“There is, in fact, a dispute whether mechila with words alone is valid when the lender continues to possess a loan document [shtar],” replied Rabbi Dayan. “However, the Rama indicates that it is valid. Even if we consider the dispute as in doubt, Yanky is in possession of the money and cannot be made to pay. Furthermore, the dispute relates to a loan document signed by witnesses, not an IOU note signed by the borrower alone.” (Shach 241:4; Pischei Teshuvah 241:2)

“What about the fact that the mechila was made by mistake,” argued Moish. “I wouldn’t have been willing to forgo the loan if I had known that he would get a job a week later.”

“You are correct that a mechila made mistakenly is not valid,” answered Rabbi Dayan. “However, this applies only when there was a mistake at the time of the mechila, such as if Yanky had already found a new job. However, if there was no mistake at the time and circumstances changed afterward, the mechila remains valid.” (Pischei Teshuvah 241:3)

“Therefore,” concluded Rabbi Dayan, “Yanky does not have to repay the loan and Moish must return the IOU note to him.”

About the Author: Rabbi Meir Orlian is a faculty member of the Business Halacha Institute, headed by HaRav Chaim Kohn, a noted dayan. To receive BHI’s free newsletter, Business Weekly, send an e-mail to subscribe@businesshalacha.com. For questions regarding business halacha issues, or to bring a BHI lecturer to your business or shul, call the confidential hotline at 877-845-8455 or e-mail ask@businesshalacha.com.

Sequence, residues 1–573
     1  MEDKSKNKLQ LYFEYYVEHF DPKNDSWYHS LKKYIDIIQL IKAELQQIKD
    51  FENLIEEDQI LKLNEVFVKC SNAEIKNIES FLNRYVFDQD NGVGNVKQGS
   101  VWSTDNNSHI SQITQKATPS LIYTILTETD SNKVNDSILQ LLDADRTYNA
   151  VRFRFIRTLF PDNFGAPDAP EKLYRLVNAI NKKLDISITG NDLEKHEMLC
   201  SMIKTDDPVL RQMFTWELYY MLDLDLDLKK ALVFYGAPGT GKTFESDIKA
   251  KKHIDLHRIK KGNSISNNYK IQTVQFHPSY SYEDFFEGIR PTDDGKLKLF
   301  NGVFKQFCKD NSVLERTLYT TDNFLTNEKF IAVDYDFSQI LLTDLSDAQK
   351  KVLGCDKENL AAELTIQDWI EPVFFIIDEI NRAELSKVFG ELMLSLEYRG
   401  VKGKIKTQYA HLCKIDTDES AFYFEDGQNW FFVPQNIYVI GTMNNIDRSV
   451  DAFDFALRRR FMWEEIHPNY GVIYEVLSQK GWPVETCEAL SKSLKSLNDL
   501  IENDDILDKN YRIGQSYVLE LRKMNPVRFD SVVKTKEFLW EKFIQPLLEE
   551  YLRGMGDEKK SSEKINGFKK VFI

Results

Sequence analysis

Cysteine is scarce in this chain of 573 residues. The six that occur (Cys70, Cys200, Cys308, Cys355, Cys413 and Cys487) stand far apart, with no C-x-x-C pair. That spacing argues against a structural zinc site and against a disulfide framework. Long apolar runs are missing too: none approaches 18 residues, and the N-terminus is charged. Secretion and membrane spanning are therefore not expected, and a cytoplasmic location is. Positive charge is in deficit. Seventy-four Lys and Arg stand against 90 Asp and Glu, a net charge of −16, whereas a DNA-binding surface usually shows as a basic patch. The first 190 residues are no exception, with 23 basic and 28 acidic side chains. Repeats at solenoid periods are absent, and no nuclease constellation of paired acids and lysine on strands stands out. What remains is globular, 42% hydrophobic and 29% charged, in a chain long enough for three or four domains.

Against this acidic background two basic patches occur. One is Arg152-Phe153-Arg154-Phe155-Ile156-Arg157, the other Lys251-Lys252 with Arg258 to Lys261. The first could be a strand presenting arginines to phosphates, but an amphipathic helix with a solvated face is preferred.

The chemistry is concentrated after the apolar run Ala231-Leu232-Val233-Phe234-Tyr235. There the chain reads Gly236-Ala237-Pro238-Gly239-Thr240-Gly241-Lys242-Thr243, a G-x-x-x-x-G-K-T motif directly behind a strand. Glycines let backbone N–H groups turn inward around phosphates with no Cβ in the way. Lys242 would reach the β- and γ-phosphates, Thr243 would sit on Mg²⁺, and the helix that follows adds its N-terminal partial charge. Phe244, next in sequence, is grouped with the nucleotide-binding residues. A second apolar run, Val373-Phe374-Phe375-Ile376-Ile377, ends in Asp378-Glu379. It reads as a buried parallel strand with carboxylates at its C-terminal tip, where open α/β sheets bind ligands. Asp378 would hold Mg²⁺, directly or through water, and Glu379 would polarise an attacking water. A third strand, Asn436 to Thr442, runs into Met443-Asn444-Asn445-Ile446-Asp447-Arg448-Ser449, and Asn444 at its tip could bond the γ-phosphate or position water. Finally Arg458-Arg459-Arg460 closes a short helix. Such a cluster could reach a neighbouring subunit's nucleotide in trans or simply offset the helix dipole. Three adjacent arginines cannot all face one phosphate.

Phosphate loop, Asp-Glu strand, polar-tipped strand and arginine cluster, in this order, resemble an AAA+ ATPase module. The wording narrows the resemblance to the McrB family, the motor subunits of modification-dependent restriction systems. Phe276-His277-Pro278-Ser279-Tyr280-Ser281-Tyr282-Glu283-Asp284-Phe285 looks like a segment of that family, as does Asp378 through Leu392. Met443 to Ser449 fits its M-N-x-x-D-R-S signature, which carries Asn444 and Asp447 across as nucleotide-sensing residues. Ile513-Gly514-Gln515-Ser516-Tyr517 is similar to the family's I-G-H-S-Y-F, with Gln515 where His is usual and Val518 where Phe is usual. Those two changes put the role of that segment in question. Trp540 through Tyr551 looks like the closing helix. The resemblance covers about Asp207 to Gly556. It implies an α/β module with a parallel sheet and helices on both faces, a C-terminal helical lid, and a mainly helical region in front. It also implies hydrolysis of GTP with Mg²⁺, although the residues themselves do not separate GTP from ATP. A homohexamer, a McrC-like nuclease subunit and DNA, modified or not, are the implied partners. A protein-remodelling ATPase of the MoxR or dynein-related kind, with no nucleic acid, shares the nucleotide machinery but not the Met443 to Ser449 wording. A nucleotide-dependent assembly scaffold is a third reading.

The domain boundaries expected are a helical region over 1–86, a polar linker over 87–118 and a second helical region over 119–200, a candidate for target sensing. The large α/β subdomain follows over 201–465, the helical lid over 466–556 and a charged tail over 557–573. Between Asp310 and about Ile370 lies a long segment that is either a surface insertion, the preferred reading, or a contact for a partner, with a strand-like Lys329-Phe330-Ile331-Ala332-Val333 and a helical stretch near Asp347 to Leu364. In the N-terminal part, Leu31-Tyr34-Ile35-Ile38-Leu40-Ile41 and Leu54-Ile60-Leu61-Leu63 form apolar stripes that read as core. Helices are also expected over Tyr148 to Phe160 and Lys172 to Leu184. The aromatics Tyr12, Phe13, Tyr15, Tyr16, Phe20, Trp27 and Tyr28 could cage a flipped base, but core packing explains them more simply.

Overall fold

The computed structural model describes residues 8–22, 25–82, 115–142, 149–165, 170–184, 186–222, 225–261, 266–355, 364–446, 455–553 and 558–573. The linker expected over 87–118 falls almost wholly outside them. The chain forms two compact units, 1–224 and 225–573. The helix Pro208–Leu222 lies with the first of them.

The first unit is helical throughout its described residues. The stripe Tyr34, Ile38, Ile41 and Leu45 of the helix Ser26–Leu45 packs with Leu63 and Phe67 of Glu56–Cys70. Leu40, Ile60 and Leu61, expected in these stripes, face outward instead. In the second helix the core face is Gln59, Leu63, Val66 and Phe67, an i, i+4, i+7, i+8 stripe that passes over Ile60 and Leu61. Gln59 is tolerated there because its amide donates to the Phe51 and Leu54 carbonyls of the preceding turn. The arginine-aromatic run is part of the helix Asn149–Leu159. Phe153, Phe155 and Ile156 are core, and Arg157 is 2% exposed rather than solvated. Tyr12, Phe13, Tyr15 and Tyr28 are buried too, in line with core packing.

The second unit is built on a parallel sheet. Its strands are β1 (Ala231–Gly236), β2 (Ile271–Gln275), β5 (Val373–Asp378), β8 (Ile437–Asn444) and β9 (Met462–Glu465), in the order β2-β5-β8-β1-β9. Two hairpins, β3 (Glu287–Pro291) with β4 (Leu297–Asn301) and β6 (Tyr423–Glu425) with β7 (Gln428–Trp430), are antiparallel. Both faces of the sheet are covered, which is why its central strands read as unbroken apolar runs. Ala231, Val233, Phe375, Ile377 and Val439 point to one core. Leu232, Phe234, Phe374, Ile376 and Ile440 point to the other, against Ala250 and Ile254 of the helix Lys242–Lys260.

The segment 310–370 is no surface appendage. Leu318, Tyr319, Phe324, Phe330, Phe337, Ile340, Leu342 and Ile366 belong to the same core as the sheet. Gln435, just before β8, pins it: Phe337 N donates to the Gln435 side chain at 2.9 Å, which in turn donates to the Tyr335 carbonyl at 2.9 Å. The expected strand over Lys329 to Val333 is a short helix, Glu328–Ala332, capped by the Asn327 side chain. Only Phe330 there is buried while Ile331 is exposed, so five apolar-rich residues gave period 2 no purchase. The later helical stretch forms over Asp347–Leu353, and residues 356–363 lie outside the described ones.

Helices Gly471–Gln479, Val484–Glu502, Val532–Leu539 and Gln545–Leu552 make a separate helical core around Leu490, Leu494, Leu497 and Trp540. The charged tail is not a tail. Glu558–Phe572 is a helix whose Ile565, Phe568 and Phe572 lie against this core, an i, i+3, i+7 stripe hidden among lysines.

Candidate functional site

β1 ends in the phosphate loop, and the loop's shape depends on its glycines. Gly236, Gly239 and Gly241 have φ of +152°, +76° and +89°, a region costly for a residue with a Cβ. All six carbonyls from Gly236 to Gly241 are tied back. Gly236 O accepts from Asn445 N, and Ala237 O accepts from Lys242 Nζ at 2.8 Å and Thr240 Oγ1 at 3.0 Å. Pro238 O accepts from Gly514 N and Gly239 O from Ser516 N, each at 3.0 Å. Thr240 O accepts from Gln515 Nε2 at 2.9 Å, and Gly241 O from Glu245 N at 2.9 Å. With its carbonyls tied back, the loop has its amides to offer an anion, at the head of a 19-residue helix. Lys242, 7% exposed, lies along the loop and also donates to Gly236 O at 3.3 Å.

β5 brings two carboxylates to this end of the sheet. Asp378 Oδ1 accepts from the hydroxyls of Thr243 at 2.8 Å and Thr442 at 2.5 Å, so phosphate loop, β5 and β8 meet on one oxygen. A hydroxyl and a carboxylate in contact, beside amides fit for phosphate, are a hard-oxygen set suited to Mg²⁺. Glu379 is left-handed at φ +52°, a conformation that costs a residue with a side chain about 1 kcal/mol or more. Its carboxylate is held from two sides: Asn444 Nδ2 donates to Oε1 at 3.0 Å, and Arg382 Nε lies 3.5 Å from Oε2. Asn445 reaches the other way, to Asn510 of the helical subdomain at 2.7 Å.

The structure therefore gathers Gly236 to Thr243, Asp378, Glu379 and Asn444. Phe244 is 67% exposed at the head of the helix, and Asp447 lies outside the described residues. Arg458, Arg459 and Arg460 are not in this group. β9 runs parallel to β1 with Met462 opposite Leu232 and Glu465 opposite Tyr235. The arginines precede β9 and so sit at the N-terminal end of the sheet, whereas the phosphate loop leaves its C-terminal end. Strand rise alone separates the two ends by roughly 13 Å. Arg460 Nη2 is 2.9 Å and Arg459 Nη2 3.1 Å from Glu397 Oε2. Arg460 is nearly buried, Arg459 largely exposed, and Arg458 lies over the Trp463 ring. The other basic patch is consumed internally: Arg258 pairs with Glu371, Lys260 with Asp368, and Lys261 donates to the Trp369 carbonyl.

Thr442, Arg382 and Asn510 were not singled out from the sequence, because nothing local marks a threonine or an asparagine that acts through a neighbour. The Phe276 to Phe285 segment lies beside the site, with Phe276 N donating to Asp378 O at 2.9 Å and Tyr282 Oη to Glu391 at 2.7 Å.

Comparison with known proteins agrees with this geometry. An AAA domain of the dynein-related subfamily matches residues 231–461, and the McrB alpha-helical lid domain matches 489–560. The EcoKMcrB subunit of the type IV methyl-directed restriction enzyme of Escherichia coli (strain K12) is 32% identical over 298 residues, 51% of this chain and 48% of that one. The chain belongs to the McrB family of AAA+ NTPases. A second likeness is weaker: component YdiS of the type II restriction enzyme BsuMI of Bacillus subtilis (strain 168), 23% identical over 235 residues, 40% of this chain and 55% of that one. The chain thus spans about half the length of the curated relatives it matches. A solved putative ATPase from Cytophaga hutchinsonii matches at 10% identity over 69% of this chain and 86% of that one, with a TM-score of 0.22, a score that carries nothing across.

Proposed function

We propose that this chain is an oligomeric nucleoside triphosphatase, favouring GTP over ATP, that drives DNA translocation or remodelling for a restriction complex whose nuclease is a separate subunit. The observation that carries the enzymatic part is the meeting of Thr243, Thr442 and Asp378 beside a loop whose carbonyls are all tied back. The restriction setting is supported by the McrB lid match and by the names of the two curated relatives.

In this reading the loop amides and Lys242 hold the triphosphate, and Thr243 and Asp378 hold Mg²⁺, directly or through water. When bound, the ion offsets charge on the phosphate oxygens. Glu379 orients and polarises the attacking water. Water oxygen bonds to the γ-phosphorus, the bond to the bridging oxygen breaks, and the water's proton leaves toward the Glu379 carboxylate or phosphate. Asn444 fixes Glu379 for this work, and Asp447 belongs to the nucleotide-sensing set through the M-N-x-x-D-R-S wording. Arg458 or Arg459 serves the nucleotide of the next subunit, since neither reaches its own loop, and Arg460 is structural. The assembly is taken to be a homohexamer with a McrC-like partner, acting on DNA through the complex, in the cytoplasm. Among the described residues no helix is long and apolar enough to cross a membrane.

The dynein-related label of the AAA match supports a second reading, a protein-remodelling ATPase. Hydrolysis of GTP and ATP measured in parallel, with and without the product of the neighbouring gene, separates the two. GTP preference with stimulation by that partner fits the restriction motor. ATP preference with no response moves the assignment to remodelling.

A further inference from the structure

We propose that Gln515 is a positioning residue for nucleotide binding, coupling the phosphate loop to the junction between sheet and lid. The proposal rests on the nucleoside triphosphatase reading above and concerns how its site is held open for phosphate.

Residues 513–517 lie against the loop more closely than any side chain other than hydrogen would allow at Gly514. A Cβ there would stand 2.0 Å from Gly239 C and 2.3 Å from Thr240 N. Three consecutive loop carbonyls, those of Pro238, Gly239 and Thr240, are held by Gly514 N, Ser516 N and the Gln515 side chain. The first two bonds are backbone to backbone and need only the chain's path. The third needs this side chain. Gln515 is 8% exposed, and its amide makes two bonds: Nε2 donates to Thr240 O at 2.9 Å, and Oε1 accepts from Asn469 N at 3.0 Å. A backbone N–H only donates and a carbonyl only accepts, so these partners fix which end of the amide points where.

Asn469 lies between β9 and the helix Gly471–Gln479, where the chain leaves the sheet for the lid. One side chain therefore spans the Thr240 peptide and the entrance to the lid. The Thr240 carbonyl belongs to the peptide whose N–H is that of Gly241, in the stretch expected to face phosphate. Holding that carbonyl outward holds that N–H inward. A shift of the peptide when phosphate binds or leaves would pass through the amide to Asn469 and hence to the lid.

If you don't see your comment after publishing it, refresh the page.

Our comments section is intended for meaningful responses and debates in a civilized manner. We ask that you respect the fact that we are a religious Jewish website and avoid inappropriate language at all cost.

If you promote any foreign religions, gods or messiahs, lies about Israel, anti-Semitism, or advocate violence (except against terrorists), your permission to comment may be revoked.

No Responses to “‘Forget About It!’”

Comments are closed.

SocialTwist Tell-a-Friend

Current Top Story
Protest rally against Metropolitan Opera staging Death of Klinghoffer on 9/22 at 4:30 pm at the Met.
For Grass Roots Klinghoffer Protest 9/22, Jewish Establishment MIA
More Articles from Rabbi Meir Orlian

When the Kleins returned, however, they were dismayed to see that the renters did a poor job cleaning up after themselves.


“Tony said that the code in most places in the U.S. is at least 36 inches for a residential guardrail,” replied Mr. Braun. “Some make it higher, 42, or even 52 inches for high porches. What is the required height according to halacha?”

“The Torah states in Parshat Ki-Teitzei: ‘If you build a new house, you shall make a fence for your roof. I think it’s your responsibility.”

On Friday afternoon, Dov called Kalman. “Please make sure to return the keys for the car on Motzaei Shabbos,” he said. “We have a bris on Sunday morning and we’re all going. We also need the roof luggage bag.”

“We’re leining now, and shouldn’t be talking,” Mr. Silver gently quieted his son. “At the Shabbos table we can discuss it at length.”

“Guess what?” Benzion exclaimed when he returned home. “I just won an identical Mishnah Berurah in the avos u’banim raffle.”

“Do I have to repay the loan?” he asked. “Does Yosef have to reimburse me? What if doesn’t have that sum, does he owe me in the future?”

When Yoram got home that evening, he went over to Effy: “My day camp is looking for extra supervision for an overnight trip,” he said. “Would you like to come? They’re paying $250 for the trip.”

Printed from: http://www.jewishpress.com/judaism/halacha-hashkafa/%e2%80%98forget-about-it%e2%80%99/2011/10/26/

Scan this QR code to visit this page online: